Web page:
Royal Empress seedlings need help

Discussion in 'Woody Plants' started by timsburgh, Mar 3, 2007.

  1. timsburgh

    timsburgh Member

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    Help... I have planted hundreds of the royal empress tree seeds and was having great success but all of a sudden they are all dying. they grow no more than a 1/4" high then start to die. Can anyone give some insight? I started them indoors under flourescent lights and last weekend brought them outside. That's when I first noticed the damage so i brought them back inside but they are continueing to die. now I can't stop it... Can anyone help before I lose them all?
     
  2. Ron B

    Ron B Paragon of Plants 10 Years

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    Sounds like they were killed by the sudden outdoor exposure. Try to put them out when indoor and outdoor conditions are as similar as possible, behind something that provides shade from behind which they can grow up into the outdoor light (which is much stronger than the indoor light). Also look up "damping off", in case that pertains.

    Next question is will this tree grow in Miami, or is it too far south for it?
     
  3. Michael F

    Michael F Paragon of Plants Forums Moderator 10 Years

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    It is listed as an invasive alien in Florida, so the answer is yes; and also that it is a good thing that these seedlings are all dieing!
     
  4. Ron B

    Ron B Paragon of Plants 10 Years

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    Florida has more than one climate. Miami is way down there, in a mild section. Northern part of Florida has had subzero winters in some locations within time of records being kept, as have most U.S. States.

    Sunset National Garden Book doesn't have it zoned for anywhere in Florida.
     
  5. timsburgh

    timsburgh Member

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    Thanks for all the feedback! but I'm a little confused. I'm sorry if I sound ignorant but I'm a little new to this. Every other publication I read put the royal empress tree hardy to zone 10 (which i think is where i am) but now that i search for the botanical name it's putting it in zone 9b. I thought these zones only pertained to cold weather. Also, I did find the listing saying that it is invasive... what does that mean? Is it a bad thing? I also planted an orchid tree in my yard - when i researched that i found the history saying that the state of florida at one point had them outlawed but they are ok now. does that mean that I shouldn't plant these trees? Thanks for all the help guys!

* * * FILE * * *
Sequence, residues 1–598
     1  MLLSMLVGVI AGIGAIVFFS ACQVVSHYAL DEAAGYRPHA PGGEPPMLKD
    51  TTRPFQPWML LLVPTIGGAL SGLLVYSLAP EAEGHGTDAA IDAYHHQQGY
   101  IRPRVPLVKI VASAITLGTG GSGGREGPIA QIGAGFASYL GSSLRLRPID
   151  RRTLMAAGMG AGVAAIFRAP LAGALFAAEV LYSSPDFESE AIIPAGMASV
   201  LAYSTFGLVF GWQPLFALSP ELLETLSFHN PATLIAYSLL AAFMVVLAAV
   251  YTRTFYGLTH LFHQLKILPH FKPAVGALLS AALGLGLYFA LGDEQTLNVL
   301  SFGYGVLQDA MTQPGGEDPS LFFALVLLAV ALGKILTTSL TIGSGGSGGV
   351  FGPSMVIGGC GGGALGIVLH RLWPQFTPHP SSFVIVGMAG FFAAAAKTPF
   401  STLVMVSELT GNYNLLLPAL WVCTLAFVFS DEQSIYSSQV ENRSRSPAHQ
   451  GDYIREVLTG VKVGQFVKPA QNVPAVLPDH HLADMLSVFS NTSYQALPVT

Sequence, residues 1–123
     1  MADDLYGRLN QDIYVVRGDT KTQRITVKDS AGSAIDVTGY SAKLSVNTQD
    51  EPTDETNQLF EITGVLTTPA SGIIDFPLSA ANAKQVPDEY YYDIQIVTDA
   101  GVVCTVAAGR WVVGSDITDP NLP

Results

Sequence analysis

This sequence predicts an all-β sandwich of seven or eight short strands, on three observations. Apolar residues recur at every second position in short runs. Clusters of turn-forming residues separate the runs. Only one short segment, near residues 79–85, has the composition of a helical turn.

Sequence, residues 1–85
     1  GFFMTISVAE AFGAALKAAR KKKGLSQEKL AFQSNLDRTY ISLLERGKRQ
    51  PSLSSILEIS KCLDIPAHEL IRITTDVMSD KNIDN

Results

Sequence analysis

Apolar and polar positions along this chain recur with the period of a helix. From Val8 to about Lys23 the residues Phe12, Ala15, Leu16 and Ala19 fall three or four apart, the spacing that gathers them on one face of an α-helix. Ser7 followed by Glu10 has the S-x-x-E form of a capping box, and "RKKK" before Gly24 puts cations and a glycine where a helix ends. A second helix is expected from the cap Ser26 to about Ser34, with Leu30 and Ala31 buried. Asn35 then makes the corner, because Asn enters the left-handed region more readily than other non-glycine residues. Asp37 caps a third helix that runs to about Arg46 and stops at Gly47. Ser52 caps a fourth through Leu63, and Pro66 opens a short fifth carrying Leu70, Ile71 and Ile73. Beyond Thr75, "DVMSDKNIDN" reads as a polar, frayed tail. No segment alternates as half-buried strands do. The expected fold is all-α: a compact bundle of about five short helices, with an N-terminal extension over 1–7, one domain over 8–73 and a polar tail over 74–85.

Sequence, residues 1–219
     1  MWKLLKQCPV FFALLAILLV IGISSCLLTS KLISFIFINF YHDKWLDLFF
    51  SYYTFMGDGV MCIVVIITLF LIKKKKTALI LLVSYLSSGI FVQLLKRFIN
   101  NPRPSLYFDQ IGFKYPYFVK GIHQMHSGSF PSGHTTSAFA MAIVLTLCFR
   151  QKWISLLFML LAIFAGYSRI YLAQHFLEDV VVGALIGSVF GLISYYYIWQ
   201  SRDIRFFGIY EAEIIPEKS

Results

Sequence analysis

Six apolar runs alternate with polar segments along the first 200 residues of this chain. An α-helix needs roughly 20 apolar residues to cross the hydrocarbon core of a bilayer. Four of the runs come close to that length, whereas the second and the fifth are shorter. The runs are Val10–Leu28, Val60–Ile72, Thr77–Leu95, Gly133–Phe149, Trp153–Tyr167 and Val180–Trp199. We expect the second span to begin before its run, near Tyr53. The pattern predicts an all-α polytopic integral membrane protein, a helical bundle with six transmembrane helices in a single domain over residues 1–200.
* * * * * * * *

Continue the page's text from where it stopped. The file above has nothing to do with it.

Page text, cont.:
6. Michael F

    Michael F Paragon of Plants Forums Moderator 10 Years

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    An invasive plant is one that is not native to the area, but will will seed itself all over the place, and start invading the rest of your land, your neighbours' land, and natural lands, etc. Yes, a bad thing - it will kill off other native plants and wildlife.
     
  7. timsburgh

    timsburgh Member

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    ouch. I see... thank you very much for the info.
     
  8. Ron B

    Ron B Paragon of Plants 10 Years

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    IF it can even grow in Miami for more than a short time, which so far seems quite doubtful. Have you seen any existing ones in the area? Checking with some local nurseries or gardens might also give you a feel for what the situation is, if you start being told repeatedly it doesn't grow there then maybe it doesn't.
     
  9. curious2

    curious2 Member

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    Hmmm, so in other words, it is not illegal, it's just not a good idea to plant them. Right?

    I'm purchasing a new home and they put a tiny oak in the front yard. I'm likely to move out before it gets big enough to provide any shade that will reduce my energy bills. I wanted to pluck it up and pop in a tree that will grow fast and requires little care to keep healthy. Do you have a better recommendation?
     
  10. curious2

    curious2 Member

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    According to paulowniasupply.com, the Royal Empress is non-invasive. "It’s non-invasive, environmentally beneficial and safe for children and pets."

    But then I found later on their site, "We grow four different varieties of trees (Tomentosa, Elongata, Kowakami and Fortuni)." The Tomentosa is directly stated as an invasive on texasinvasives.org.

    So what's the truth?
     
  11. Michael F

    Michael F Paragon of Plants Forums Moderator 10 Years

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    Well, they would, wouldn't they!! They're hardly going to say "Don't buy our sole product, because it is invasive", are they! Not exactly an unbiased source of information!

    As for the different species of Paulownia, they all share similar reproductive strategy with production of very large amounts of lightweight seeds, the classic characteristic of nearly all invasive species. It is wisest to assume they will all be invasive.
     

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